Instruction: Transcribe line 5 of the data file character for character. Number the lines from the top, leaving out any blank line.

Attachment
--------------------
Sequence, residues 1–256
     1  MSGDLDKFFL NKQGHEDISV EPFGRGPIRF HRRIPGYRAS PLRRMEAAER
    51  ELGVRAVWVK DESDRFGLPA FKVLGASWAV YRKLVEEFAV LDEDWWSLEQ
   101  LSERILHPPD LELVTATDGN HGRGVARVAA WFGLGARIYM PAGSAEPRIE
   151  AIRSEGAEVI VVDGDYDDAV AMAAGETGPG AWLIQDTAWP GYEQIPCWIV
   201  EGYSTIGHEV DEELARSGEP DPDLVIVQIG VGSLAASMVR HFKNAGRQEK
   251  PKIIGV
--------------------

   151  AIRSEGAEVI VVDGDYDDAV AMAAGETGPG AWLIQDTAWP GYEQIPCWIV